The meeting breaks up in an electrically charged mood. The next day, a female CLASSMATE from the meeting approaches JOHN.

YOUNG WOMAN: Sounds like you want to join those “Early Christians” in New York!

JOHN: Well, I was thinking of at least visiting them . . . Don’t you also want to see for yourself, before you make more criticism?

YOUNG WOMAN: No; you seem pretty gullible. You’ll soon see right through it. (She laughs.) If you ever get there!

Cut to: Three years later.

JOHN: walks across the stage, on a journey of living with people who practice forgiving and loving each other at the nitty gritty level, day by day.

From backstage, an ECHO. From the oldest grandparents to the littlest babies…

Scene 2: A man reading alone in his room
Place: Bruderhof community in England
Time: February 2020, late afternoon.

The same JOHN HENRY MENZ, now an old man, is reading The Wolf at Twilight by Kent Nerburn.1

JOHN: (looks up and exclaims). That’s it! All these years I have been holding on to the image that life is a straight line from birth to death. But I have been aware of the circle of life even while living in this community. . . my next door neighbors . . . dear Ankela Sarah is 94. The way she relates to her two-year-old great-granddaughter – they know each other when they look each other in the eyes, when they hold each other’s hand . . . .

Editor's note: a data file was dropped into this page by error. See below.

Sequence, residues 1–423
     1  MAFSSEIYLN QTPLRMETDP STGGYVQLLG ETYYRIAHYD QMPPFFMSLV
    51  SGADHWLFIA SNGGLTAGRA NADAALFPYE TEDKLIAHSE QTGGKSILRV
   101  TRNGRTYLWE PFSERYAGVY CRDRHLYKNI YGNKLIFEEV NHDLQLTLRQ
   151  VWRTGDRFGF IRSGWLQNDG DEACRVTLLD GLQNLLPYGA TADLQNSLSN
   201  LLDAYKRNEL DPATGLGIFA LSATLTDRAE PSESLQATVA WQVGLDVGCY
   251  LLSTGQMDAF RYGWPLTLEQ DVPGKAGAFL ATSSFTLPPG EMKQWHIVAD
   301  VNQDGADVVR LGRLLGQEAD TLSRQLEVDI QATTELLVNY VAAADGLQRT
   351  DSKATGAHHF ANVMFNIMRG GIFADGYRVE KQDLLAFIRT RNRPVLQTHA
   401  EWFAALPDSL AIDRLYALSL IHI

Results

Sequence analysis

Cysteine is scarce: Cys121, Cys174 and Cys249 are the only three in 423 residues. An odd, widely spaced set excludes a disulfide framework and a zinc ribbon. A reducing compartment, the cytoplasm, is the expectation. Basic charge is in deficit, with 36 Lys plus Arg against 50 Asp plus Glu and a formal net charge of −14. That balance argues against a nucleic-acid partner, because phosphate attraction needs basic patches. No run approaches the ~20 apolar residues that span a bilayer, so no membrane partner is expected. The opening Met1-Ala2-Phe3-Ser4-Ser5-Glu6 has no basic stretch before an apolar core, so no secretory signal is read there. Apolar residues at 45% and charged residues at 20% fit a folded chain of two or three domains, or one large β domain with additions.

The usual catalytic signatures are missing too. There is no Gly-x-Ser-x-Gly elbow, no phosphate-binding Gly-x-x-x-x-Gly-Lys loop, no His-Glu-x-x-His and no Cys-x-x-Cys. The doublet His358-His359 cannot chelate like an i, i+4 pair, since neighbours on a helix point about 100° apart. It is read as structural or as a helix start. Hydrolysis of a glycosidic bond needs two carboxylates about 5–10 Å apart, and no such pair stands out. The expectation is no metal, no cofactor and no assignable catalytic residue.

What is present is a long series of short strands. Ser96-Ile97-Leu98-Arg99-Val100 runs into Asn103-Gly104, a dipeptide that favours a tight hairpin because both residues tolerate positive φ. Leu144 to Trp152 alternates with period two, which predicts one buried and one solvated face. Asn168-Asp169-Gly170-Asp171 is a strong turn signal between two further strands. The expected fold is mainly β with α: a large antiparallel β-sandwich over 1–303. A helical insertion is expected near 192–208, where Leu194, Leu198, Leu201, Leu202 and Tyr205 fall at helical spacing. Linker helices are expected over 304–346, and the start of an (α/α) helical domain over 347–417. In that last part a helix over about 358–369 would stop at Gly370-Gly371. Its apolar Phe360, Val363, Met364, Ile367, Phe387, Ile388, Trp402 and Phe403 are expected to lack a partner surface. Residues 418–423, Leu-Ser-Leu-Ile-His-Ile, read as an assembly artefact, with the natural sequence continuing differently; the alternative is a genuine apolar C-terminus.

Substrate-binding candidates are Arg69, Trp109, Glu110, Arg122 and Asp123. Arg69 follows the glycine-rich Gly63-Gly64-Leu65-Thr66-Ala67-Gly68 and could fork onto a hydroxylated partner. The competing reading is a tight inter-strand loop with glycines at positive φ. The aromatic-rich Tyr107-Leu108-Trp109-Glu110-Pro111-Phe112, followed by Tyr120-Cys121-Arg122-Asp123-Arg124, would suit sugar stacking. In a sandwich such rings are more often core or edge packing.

JMEmbedAnkela, or grandmother, Sarah with her two-year-old great-granddaughter.

(He looks back at the book in his lap) There are other people who live the circle relationship of life! It is such a beautiful encouragement!

He READS ALOUD from the chapter titled, “The Longest Night,” beginning with the phrase in the native Lakota language,

Mitakuye oyas’in.
And what does that mean?
All my relations.